The Cedar Surf (New Star $16)

Forget Jan & Dean. Forget those smooth Beach Boys harmonies. Grant Shilling’s surf board is called The Muff—named after an all-girl punk band. His informal history of surfing in British Columbia, The Cedar Surf (New Star $16), is concerned with living on the edge, roughing it in frigid waters.
Shilling credits James Sadler as the dean of B.C. surfers. He’s a plain guy who rode out to B.C. on a horse from Olds, Alberta in 1948 with $1.10 in his pocket. As a Victoria carpenter, he first saw Pachena Bay, near Bamfield, on the ‘Graveyard of the Pacific’, when he was building a lodge in the winter of ’65. “At Pachena Point, an Englishman gave Jim a boogie board made out of two pieces of plywood with rounded-off edges so they couldn’t cut their stomachs,” writes Shilling, editor/publisher of the Gulf Island Gazette. “They strapped themselves to the boards with rubber tubes but their hands were free.” They put on fins because Sadler was an experienced scuba diver.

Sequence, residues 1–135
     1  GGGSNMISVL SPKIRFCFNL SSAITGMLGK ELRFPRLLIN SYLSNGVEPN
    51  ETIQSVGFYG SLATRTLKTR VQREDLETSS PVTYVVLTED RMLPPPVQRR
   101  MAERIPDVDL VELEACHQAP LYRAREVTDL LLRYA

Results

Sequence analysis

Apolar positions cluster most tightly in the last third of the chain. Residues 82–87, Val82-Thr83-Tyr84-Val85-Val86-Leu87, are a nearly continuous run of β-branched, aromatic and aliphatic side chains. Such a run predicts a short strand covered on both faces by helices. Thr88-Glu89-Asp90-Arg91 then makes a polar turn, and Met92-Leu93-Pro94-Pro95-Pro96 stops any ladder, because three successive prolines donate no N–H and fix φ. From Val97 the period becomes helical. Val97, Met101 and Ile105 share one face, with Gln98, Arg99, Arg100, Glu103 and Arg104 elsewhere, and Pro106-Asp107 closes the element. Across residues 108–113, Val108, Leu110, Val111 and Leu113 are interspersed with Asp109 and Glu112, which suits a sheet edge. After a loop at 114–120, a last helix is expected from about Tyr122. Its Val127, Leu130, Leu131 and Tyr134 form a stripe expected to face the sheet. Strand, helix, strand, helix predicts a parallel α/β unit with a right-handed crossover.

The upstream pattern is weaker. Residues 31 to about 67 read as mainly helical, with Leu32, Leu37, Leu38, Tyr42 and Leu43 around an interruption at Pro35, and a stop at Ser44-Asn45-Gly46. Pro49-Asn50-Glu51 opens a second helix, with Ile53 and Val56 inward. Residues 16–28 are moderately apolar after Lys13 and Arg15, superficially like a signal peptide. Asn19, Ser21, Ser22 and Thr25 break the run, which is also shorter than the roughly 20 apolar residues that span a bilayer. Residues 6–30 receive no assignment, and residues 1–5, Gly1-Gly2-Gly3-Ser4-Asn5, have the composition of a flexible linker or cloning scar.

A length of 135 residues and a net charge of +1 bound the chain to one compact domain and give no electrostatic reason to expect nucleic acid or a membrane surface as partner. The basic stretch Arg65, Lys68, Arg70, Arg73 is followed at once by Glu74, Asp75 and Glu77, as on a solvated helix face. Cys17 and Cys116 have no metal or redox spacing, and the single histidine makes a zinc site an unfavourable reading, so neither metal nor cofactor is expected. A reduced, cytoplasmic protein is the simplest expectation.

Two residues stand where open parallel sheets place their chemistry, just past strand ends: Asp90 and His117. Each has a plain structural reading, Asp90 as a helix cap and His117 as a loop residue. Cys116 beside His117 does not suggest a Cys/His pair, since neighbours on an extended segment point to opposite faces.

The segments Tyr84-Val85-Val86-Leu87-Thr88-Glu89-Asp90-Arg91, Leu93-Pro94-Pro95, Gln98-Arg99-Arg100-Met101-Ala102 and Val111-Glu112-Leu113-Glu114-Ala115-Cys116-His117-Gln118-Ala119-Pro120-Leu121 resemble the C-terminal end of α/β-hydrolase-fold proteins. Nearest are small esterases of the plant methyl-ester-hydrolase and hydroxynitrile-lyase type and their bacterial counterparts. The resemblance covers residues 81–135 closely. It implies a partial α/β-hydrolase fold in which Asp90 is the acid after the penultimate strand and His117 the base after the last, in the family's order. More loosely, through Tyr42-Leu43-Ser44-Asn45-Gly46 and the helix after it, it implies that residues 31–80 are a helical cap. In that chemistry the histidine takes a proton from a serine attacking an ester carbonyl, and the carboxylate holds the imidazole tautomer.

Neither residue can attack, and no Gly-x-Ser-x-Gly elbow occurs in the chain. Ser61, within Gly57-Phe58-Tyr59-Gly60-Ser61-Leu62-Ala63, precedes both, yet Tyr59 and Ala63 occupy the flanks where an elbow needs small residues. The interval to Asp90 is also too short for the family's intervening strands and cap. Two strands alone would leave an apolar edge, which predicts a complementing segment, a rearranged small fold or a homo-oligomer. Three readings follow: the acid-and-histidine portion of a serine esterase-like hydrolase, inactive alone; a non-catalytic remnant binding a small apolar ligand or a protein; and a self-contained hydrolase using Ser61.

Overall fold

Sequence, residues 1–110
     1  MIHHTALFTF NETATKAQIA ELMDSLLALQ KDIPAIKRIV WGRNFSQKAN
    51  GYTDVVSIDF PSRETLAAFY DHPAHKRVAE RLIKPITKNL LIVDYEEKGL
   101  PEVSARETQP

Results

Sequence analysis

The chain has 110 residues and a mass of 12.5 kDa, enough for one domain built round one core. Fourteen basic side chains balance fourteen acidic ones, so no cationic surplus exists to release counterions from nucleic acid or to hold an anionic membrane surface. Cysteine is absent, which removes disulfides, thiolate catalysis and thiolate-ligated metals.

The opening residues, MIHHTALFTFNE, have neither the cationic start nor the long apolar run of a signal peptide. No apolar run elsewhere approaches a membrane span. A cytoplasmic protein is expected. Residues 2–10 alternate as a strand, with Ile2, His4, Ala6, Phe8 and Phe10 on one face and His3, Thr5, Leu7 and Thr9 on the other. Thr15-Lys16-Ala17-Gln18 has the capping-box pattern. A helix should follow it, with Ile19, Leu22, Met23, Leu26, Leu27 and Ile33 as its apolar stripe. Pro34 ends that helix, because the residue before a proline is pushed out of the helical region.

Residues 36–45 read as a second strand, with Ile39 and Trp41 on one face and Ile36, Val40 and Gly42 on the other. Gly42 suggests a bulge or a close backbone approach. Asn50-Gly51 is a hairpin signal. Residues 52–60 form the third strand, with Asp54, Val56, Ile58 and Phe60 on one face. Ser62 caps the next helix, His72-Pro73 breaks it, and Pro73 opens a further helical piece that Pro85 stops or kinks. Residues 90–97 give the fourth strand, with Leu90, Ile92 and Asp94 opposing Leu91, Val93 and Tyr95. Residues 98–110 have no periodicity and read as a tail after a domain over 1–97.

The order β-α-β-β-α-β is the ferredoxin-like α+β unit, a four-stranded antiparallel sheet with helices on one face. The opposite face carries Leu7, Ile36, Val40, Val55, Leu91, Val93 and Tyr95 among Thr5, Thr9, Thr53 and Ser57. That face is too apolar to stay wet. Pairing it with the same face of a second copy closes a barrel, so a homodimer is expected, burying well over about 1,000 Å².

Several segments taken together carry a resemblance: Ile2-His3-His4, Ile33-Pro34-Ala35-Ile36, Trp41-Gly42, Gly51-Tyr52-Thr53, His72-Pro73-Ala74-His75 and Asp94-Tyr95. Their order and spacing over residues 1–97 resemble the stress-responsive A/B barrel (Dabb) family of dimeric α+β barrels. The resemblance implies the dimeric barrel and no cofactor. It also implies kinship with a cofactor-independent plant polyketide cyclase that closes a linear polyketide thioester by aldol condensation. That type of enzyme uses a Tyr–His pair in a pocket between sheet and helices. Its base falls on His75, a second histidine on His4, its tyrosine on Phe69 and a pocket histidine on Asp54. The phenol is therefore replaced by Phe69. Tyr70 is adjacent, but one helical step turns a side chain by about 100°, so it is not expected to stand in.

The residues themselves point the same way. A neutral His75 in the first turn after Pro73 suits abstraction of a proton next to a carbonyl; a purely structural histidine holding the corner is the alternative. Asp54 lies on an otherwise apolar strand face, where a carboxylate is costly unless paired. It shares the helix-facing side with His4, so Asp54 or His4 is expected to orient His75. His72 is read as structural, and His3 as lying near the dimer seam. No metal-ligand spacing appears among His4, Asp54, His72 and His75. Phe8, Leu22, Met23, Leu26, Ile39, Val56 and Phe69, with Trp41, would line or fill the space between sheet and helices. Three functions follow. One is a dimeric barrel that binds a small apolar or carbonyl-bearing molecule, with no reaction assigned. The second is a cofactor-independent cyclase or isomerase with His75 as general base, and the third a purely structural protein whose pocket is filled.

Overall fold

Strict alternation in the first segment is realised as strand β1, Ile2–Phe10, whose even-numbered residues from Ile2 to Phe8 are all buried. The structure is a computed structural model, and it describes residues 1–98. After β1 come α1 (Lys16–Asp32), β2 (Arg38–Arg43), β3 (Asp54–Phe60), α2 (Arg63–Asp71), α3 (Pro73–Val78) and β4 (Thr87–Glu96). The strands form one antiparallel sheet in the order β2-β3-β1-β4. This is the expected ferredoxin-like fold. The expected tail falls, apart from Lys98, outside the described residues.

With a new road finally connecting Tofino and Ucluelet to the outside world in ‘66, Sadler won two trophies at the first surfing competition held at Wickaninnish. Shilling traces the evolution of B.C. surfing via the squatters of Long Beach up to Billy Leach’s first surf shop in Ucluelet, providing a surfer’s glossary and a selection of downright groovy artwork, and reflecting on how much surfing has become an integral part of Long Beach society.
“Ten years ago,” says a former fisherman, “if there was one pretty girl in town, it was a miracle. With surfing, this town has become the home of surfer babes.” Playgirl came to Long Beach and did a photo shoot. Such is, er, progress. Now there’s a company called Surf Sister that exclusively provides surfing lessons to women. A B.C. Surfing Association now exists. It’s easy to find. Surf the web. 0-921586-93-0

[BCBW 2003] "Sports" "Outdoors"